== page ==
The gasoline tax, a subject of serious debate among economists, has been resoundingly defeated every time it has come to a vote in Congress.

So why is Jimmy Carter wheeling out a gas tax?

Gasoline, after all, accounts fox only 12 to 15 per cent of total U.S. energy consumption. To reduce gasoline use, even marginally, many economists think it would have to be taxed up above the $1 a gallon Europeans pay. And such a tax, many of them argue, is severely regressive - hurting low-income families much worse than it does the wealthy.

Why then is Carter ready to risk a fight over the gas tax? For psychological reasons, his advises say.

"The American people," says energy adviser James R. Schlesinger, "have never believed in physical shortages." The gas tax is designed to make them believers.

"This is a way of making real the future problem," says White House press secretary Jody Powell. He calls it a "psychological weapon," aimed at giving every driver a stake in curbing excessive use of gasoline.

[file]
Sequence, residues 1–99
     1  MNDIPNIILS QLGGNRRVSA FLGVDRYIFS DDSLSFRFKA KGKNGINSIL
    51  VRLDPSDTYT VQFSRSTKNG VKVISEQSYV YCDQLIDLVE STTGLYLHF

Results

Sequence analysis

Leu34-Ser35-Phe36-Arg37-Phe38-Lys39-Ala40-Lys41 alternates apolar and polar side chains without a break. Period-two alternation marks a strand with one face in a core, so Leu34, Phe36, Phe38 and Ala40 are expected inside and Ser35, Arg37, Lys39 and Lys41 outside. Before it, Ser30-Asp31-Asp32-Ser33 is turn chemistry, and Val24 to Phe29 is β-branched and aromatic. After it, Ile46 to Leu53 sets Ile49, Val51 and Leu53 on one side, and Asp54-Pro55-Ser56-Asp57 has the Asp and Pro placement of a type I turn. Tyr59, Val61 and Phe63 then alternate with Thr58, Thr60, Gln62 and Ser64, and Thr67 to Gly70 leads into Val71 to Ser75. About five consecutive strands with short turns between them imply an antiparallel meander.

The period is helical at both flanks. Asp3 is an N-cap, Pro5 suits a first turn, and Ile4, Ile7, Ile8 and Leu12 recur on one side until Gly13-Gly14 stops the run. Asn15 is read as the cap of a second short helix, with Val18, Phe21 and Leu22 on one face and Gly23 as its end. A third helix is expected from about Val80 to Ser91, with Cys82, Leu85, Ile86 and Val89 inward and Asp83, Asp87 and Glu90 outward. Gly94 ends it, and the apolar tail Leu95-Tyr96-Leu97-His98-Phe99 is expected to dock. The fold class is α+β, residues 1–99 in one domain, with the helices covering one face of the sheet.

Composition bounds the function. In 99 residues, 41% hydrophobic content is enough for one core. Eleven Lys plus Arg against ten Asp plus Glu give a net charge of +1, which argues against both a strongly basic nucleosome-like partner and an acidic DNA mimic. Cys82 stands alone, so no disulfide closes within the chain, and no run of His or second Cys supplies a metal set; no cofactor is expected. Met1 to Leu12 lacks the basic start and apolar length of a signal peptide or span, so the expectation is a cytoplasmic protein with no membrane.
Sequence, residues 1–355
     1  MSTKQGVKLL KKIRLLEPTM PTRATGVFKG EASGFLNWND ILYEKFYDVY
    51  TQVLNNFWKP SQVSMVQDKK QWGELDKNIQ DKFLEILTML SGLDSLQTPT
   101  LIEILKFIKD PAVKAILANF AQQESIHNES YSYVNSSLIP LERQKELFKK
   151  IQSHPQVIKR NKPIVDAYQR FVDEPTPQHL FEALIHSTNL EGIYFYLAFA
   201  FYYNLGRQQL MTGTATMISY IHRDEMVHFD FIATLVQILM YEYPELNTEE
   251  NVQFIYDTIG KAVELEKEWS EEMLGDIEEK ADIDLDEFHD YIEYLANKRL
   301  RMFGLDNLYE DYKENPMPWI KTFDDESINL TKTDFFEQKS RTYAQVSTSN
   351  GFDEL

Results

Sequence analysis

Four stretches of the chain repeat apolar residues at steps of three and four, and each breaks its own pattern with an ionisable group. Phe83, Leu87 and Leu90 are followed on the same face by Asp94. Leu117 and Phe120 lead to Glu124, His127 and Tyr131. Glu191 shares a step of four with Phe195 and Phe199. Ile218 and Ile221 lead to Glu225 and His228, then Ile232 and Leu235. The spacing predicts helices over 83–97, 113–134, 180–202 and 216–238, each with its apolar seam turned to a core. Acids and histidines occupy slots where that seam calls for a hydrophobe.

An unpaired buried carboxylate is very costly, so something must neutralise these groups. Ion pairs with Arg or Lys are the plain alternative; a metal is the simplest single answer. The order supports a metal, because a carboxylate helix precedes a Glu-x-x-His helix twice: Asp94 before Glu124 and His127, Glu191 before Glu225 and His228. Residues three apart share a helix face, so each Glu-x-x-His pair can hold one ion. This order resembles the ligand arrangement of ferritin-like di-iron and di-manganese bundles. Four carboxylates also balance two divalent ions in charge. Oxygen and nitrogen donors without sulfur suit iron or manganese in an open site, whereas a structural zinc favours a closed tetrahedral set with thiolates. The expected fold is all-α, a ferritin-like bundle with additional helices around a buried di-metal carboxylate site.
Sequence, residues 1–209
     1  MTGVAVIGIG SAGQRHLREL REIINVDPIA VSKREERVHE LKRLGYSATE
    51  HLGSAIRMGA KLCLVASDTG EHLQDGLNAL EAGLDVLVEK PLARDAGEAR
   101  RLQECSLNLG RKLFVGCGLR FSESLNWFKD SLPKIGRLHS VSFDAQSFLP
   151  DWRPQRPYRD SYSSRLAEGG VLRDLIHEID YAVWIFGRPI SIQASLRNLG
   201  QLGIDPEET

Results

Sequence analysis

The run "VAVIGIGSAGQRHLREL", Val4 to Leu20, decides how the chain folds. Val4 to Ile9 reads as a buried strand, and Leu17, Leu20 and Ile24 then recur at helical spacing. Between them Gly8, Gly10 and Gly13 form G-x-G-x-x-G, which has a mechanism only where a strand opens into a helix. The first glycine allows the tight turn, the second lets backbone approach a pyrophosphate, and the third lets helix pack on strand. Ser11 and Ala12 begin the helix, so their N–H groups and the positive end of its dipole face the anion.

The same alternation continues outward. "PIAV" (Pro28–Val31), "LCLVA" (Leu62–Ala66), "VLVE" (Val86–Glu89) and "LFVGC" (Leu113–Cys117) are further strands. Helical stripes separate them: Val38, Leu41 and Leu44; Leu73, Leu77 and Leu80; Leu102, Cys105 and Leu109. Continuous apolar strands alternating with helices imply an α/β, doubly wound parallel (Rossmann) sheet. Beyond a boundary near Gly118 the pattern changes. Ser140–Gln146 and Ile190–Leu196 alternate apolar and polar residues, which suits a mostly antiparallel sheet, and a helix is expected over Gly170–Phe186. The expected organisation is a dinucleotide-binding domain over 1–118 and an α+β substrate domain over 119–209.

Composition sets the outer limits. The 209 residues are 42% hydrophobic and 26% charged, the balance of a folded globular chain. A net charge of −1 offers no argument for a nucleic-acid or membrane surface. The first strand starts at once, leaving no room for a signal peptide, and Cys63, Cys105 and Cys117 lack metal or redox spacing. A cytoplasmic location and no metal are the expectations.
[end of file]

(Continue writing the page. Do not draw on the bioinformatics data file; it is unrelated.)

The Carter tax would go into effect only when energy use exceeded specific targets. Powell says motorists will understandthat "if we hold consumption down, we don't suffer; if we don't hold consumption down, we do suffer. You slap your own wrist."

The "slap on the wrist" could be the focal point of Carter's energy battle, with many of the congressional heavies weighing in against it.

Sen. Henry M. Jackson (D-Wash.) says, "In my judgement, a gas tax won't get you anywhere."

Rep. Thomas L. Ashley (D-Ohio) points out, "Taxes on gasoline are an anathema . . . The House has voted accordingly in the past, but I'm not sure we couldn't get it through."

Patrick Caddell, the President's pollster, has told the White House that more than 60 per cent of the American people oppose raising gas taxes.

If that same percentage holds in Congress on Carter's standby tax, it could be more than a symbolic setback for the President.